A wonderful French Animalier bronze study of a French Mastiff sat beside a French bulldog looking intently up at him, a broken bowl of food on the floor in front of them. The bronze with exellent rich colour and very fine hand chased surface detail. Raised on rouge griote base, signed Boudarel and with title plaque 'Un Malheur' or 'A Misfortune'
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Height: 35 cm
Condition: Excellent Original Condition
Materials: Bronze and Marble
Albert Vidal Alexandre Boudarel
Albert Vidal Alexandre Boudarel, was a French sculptor. Born in Paris on and died on
In the Paris Salon of 1831 when Antoine Louis Barye exhibited his first animal sculpture, one zealous French art critic dubbed him an Animalier: maker of animals, the species deprived of human nobility. This was intended as a criticism and not a flattering title. This perception changed in the 1830’s when the new monarch, King Louis-Philippe gave several public commissions to Barye. The King’s son, the Duc d’Orleans, also became Barye’s patron and by the middle of the 19th Century, any artist was proud to be known as an Animalier.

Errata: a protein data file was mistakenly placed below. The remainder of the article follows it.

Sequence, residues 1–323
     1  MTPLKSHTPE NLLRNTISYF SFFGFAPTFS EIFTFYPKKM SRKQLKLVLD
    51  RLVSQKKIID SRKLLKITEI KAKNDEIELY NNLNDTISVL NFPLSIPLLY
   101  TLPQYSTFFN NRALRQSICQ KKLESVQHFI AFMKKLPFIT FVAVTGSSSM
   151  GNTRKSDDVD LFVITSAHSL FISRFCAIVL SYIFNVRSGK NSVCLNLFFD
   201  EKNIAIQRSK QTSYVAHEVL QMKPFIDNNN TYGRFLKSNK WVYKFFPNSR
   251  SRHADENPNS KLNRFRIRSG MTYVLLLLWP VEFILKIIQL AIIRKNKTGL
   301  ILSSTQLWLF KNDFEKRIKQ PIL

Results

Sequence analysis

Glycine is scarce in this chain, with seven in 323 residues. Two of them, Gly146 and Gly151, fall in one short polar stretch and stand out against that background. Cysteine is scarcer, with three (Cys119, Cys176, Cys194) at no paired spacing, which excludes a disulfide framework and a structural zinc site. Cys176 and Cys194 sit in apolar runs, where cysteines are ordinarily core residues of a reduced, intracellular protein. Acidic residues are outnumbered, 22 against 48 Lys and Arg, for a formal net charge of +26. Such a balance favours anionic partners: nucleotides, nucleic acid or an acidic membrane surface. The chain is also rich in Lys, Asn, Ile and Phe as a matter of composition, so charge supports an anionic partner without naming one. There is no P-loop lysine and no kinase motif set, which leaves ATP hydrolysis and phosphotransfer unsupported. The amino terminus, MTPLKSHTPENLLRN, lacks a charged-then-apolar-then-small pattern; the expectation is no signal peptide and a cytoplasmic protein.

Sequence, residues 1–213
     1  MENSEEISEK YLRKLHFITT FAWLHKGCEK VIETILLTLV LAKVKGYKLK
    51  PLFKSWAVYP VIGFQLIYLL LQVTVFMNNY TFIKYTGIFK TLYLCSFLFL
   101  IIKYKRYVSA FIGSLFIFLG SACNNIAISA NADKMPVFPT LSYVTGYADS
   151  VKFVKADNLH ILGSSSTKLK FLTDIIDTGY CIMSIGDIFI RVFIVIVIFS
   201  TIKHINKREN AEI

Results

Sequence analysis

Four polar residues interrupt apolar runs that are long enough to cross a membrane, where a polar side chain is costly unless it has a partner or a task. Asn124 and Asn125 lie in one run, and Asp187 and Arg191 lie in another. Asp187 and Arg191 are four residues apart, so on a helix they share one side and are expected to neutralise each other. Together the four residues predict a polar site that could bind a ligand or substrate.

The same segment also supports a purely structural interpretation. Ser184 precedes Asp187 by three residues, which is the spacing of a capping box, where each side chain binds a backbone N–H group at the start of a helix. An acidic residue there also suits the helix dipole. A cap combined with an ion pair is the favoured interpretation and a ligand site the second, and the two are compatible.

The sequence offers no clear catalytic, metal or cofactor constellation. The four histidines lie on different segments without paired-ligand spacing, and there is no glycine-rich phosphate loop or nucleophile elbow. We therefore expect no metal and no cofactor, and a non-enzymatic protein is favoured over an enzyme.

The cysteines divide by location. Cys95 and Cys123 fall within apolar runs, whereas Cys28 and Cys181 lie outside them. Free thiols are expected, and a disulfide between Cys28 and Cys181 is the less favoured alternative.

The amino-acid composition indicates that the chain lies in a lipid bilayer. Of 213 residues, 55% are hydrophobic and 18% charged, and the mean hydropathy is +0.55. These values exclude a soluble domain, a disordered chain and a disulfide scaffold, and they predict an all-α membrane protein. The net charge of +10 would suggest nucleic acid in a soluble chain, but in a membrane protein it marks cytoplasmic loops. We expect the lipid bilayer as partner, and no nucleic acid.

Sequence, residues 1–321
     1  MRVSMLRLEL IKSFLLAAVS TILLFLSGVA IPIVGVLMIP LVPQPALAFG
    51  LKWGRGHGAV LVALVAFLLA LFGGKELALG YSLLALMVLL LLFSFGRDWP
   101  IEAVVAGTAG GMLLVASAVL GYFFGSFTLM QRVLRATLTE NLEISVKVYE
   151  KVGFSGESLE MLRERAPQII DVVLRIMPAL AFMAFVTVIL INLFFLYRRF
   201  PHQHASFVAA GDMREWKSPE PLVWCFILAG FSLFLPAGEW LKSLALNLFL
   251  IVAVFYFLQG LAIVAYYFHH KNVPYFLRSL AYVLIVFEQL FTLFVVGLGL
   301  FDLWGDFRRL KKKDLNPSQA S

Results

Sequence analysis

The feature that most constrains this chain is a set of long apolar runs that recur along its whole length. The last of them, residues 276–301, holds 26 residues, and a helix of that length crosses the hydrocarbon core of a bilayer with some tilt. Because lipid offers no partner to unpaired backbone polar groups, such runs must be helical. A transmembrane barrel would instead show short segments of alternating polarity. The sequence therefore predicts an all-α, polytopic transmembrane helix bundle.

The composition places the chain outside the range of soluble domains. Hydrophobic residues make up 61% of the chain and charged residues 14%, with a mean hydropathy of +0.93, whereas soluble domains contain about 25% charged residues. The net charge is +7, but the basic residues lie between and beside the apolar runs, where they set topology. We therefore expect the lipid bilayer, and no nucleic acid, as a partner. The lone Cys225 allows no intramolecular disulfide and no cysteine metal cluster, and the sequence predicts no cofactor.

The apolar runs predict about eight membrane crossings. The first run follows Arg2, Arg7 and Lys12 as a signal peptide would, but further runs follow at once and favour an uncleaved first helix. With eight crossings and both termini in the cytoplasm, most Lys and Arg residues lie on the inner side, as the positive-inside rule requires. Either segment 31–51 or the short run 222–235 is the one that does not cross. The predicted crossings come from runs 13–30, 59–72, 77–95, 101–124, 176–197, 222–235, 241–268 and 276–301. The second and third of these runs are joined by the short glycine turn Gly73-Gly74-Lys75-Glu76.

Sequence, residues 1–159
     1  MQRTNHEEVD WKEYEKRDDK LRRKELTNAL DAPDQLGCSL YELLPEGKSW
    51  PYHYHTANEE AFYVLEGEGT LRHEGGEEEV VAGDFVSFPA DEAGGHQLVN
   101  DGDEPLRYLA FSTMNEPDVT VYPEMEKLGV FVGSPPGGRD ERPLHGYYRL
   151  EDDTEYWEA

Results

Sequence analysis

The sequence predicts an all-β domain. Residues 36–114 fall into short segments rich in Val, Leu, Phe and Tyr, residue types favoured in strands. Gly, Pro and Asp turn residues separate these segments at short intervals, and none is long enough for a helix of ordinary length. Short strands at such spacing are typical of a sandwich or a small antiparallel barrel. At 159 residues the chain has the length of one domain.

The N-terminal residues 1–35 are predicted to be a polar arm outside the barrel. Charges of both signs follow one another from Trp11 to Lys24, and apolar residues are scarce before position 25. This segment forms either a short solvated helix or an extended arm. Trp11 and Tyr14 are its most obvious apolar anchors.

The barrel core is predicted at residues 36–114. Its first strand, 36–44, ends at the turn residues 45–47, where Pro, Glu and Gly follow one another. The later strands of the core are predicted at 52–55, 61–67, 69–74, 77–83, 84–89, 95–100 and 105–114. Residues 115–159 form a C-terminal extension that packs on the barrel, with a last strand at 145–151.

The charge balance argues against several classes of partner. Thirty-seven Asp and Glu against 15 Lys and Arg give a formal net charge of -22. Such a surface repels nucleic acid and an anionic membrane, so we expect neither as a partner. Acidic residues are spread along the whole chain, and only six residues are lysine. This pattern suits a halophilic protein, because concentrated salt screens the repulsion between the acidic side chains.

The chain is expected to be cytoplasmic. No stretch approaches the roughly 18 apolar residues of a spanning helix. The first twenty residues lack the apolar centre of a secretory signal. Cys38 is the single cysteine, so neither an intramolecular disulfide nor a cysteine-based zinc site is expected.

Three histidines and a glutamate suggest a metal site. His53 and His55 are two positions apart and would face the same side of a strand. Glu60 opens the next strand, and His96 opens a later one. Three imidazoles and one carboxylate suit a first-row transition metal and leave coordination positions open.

Although many earlier examples can be found, animalier sculpture became more popular, and reputable, in early 19th century Paris with the works of Antoine-Louis Barye (1795–1875) for whom the term was coined and who became the ‘Father of the Animaliers School’ and Pierre Jules Mêne considered the finest realist sculptor of the era. By the mid-century, a taste for animal subjects was very widespread among all sections of society.